Inquiry Clears Pentagon Advisor

From Times Staff and Wire Reports

An investigation by the U.S. Defense Department's inspector general has cleared Pentagon advisor Richard N. Perle of any violation of conflict of interest laws in his private consulting business, Defense Secretary Donald H. Rumsfeld said Sunday.

Rumsfeld issued a statement to reporters traveling with him in South Korea saying that Inspector General Joseph Schmitz had cleared Perle after a six-month investigation. "The inspector general's report confirms the integrity of the Defense Policy Board and Mr. Perle's participation," Rumsfeld said.

Perle resigned in March as chairman of the Defense Policy Board, a group of security experts and former government officials who advise the Pentagon, after news reports alleged that he might have tried to use his connections for personal financial gain as a private consultant. Perle, an architect of the Iraq war, remains as a member of the board. Perle stepped down after facing allegations of a conflict of interest over his work as an advisor for the bankrupt Global Crossing Ltd.

Earlier this year, the Los Angeles Times reported on classified briefings that Perle and the policy board received that related to his business dealings, such as on issues involving Iraq and North Korea. The Times also reported that Trireme Partners, a venture capital fund in which Perle is a managing partner, had been considering investments in high-tech military systems.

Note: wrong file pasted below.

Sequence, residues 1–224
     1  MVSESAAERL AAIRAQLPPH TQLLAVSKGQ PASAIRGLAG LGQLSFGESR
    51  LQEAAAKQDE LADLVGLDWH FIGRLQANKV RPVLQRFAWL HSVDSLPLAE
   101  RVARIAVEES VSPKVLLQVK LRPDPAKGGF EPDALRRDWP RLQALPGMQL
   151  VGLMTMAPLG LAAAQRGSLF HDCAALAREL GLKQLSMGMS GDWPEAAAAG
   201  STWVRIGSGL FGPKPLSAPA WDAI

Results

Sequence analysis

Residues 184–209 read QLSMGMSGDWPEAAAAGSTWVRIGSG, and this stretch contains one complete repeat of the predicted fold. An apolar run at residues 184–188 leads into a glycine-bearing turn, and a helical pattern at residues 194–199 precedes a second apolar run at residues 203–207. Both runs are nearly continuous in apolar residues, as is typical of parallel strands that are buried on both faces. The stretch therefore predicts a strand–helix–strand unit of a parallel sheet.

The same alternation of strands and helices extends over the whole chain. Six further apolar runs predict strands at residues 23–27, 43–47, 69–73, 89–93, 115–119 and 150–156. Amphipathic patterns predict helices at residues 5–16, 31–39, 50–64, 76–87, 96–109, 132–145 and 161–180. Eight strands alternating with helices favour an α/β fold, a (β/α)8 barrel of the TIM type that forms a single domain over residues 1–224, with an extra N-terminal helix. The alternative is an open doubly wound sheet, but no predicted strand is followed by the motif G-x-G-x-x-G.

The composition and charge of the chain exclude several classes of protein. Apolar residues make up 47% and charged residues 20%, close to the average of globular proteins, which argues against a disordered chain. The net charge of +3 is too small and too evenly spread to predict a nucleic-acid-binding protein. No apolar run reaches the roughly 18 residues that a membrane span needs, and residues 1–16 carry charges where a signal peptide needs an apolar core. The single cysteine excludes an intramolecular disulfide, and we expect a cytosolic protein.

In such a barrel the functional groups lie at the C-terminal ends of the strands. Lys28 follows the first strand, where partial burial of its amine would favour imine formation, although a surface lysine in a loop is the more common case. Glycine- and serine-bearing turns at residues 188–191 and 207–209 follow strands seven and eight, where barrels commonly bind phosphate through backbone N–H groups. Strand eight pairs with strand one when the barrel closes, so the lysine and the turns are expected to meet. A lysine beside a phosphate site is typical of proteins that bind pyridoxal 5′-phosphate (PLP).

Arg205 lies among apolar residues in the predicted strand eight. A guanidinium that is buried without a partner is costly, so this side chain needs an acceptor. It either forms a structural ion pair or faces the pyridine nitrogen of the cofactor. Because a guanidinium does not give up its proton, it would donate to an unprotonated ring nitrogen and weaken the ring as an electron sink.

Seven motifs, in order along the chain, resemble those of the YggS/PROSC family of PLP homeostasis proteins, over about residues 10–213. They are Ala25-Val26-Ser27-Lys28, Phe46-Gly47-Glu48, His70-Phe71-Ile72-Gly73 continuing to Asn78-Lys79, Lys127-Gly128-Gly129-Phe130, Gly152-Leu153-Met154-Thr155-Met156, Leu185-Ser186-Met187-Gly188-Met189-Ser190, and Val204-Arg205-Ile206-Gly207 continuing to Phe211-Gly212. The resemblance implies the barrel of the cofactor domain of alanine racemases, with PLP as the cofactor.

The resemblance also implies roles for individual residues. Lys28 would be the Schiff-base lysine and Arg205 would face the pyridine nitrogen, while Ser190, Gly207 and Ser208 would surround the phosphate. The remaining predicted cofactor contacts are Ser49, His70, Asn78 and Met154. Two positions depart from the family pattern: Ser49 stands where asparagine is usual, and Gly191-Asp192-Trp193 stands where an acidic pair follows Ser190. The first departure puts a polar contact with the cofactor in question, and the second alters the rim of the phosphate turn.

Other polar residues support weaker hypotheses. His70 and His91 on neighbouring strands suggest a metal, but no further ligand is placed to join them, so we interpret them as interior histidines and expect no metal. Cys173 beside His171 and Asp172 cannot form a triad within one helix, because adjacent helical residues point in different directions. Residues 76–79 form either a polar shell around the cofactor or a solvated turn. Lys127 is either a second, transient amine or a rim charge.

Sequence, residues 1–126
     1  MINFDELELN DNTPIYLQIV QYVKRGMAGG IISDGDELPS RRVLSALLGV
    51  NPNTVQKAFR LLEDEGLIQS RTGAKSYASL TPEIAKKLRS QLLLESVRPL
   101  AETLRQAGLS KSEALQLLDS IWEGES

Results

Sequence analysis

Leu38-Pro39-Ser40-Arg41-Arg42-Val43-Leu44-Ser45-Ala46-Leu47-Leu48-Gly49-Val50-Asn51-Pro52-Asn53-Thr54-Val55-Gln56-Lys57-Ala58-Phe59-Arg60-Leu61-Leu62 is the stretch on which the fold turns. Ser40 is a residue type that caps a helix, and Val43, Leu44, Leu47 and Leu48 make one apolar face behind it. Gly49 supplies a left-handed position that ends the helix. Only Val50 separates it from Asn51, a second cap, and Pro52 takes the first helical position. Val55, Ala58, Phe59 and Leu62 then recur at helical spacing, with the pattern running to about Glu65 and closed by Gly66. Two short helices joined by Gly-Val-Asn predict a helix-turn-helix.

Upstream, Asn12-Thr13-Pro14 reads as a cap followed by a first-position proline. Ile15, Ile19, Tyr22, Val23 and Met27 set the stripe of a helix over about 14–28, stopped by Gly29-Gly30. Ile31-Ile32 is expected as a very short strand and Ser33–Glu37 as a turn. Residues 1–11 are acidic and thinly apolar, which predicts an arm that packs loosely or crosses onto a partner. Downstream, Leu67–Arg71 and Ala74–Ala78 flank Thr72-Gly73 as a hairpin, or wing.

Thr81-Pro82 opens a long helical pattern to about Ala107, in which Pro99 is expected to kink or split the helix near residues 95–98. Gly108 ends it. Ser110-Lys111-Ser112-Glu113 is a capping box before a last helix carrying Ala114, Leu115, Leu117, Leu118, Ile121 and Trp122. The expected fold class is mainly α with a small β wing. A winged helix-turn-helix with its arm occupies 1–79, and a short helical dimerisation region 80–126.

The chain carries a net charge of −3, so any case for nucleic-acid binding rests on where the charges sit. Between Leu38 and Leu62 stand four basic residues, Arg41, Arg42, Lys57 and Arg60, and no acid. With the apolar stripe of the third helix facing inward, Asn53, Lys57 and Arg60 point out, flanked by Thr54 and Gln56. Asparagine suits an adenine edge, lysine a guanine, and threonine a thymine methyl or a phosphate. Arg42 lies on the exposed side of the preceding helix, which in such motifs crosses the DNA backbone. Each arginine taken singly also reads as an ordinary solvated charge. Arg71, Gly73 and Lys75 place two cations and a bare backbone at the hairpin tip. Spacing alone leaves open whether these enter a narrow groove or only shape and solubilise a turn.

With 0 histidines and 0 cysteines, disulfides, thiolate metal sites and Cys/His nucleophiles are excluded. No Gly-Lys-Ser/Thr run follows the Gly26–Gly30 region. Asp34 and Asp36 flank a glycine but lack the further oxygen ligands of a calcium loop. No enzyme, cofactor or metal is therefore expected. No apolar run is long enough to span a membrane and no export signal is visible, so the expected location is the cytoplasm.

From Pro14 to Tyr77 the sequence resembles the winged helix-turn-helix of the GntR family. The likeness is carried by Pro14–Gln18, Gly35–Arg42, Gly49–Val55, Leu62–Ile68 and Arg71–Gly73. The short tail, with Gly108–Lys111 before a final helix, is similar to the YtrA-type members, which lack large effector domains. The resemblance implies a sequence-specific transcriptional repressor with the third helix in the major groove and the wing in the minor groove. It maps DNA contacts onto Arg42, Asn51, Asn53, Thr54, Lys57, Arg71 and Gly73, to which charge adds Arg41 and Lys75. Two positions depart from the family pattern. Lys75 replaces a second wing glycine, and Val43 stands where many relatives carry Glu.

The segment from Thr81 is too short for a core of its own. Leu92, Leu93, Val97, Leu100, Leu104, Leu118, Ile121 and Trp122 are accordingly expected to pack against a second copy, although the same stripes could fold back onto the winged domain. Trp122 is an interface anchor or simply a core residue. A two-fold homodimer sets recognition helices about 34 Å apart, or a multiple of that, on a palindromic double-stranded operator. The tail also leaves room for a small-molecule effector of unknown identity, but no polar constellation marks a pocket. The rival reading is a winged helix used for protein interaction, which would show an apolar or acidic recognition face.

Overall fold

On Saturday, the New York Times reported that Perle was the focus of a new inquiry by Hollinger International, a media conglomerate where he serves as director. The inquiry is focusing on several transactions, including $2.5 million in payments made by the firm into Trireme Partners, the newspaper said.

Rumsfeld said Schmitz found Perle's activities "complied with statutory and regulatory standards that have been established for individuals who serve as special government employees."

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